Creating a fastback Toyota MR2 | Chip Foose Draws a Car

by Hagerty
27 August 2020

The mid-engine layout of the Toyota MR2 was a first for a Japanese car manufacturer, and the Mid-ship Runabout Two-seater was a modern and affordable sports car for the masses.

The original MR2’s angular shape was influenced by the aerodynamic wedge vehicles emanating from Italian design studios, notably Bertone, in the 1970s. More to the point, the 1981 Toyota SA-X concept car shows the Italian influence on what would become the final product, and serves as the foundation for the latest reinterpretation from Chip Foose, a king of car customising in America.

1981 Toyota SA-X concept car that influenced the first Toyota MR2
The 1981 Toyota SA-X concept car influenced the first Toyota MR2

Chip starts with a side view of a first-generation MR2, and makes note of the harsh, squared-off details. His next sketch looks to bring the smooth elements of the SA-X concept into the final product.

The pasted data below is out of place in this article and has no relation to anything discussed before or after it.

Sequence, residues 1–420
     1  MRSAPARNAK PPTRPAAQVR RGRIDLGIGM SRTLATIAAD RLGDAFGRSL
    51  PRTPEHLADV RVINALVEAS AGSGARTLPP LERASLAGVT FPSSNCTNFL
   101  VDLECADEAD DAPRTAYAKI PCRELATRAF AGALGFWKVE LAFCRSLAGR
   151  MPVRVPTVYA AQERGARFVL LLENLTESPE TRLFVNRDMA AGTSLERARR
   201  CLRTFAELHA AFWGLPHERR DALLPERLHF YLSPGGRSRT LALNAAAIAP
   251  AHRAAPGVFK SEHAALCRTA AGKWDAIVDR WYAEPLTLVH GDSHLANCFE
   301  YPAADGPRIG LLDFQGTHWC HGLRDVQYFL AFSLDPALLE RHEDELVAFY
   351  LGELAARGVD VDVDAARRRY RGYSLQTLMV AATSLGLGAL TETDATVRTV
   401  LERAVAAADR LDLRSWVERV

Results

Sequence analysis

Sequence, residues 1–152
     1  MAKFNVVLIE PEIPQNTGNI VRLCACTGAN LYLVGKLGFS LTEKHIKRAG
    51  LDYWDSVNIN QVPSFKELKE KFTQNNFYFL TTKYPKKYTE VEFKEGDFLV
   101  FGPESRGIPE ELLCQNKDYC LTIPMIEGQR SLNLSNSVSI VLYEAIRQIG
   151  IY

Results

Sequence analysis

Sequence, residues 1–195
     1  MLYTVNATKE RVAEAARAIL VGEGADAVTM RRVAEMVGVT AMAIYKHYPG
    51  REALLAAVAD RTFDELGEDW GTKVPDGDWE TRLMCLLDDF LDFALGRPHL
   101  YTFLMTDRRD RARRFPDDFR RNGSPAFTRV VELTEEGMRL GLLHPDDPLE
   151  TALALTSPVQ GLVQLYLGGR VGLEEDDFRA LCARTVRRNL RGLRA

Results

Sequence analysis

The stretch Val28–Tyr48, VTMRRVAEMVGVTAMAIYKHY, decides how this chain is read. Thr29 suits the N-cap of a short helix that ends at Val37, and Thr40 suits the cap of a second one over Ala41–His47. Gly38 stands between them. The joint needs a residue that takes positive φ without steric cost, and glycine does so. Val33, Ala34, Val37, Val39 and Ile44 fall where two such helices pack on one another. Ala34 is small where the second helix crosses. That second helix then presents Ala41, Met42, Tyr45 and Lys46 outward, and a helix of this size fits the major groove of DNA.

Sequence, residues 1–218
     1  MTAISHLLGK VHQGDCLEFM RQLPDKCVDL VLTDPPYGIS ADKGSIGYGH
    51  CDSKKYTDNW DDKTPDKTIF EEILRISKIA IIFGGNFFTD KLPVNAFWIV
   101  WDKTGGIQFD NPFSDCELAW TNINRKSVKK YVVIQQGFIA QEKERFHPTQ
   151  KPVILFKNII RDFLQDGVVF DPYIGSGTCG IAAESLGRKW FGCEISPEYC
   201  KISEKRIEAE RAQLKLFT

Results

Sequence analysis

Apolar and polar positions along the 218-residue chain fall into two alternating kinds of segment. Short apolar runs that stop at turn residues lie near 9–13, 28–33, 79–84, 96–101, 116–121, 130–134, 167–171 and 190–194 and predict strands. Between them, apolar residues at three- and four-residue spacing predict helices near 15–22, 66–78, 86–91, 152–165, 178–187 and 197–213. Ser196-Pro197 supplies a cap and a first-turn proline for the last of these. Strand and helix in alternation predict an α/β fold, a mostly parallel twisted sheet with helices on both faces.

Side view of the original Toyota MR2 which is reinterpreted by Chip Foose_Hagerty
The first Mid-ship Runabout Two-seater

Then Chip seeks inspiration from the De Tomaso Pantera: An Italian bodied, mid-engine super car built from 1971-1992. Including Pantera DNA may seem out of place, but it’s clear that Toyota designers were inspired by Italian creations like the Pantera. It’s therefore not a stretch to add its fastback and transform the MR2 from something humble to an unabashed sports car.

Chip Foose draws the Toyota MR2
Do you think the MR2 needed a makeover?

Chip turns the MR2 into a longer, rounder, and sleeker mid-engine sports car with a faster windshield, muscular quarter window, fastback roof, and smoothly integrated cooling scoop in the quarter panel. Chip finishes the rendering in silver, so your eyes are focused more on the body’s new contours and less on the colour itself.

The final rendering of Chip Foose’s reimagined MR2

The goal was to make the first-generation MR2 into something that wouldn’t be pigeonholed as a design from the late-1970s or early 1980s. Do you think Chip made it happen? Have your say, in the comments area, below.


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